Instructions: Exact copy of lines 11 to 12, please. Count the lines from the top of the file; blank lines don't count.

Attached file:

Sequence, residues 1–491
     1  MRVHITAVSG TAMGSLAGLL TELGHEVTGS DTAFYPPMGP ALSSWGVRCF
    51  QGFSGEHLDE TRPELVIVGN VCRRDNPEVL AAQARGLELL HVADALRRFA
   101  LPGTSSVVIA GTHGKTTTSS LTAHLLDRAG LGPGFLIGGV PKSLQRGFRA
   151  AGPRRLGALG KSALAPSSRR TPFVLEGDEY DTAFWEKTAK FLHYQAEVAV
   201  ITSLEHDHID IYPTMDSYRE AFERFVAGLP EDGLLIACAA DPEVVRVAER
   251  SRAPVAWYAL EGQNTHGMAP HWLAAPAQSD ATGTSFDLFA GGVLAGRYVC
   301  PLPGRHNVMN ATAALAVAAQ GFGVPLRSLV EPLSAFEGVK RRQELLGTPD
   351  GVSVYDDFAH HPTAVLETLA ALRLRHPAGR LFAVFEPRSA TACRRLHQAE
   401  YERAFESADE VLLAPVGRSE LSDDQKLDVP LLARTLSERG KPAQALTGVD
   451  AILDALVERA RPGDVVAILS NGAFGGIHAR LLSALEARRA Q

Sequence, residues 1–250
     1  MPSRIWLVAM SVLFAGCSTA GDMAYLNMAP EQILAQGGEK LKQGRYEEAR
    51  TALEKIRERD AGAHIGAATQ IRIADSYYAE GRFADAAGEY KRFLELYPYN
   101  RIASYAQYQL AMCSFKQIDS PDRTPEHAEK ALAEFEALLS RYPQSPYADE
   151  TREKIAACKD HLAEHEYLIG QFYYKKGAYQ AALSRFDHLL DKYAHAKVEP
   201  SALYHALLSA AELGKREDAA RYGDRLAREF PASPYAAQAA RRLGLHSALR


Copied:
   451  AILDALVERA RPGDVVAILS NGAFGGIHAR LLSALEARRA Q

Sequence, residues 1–250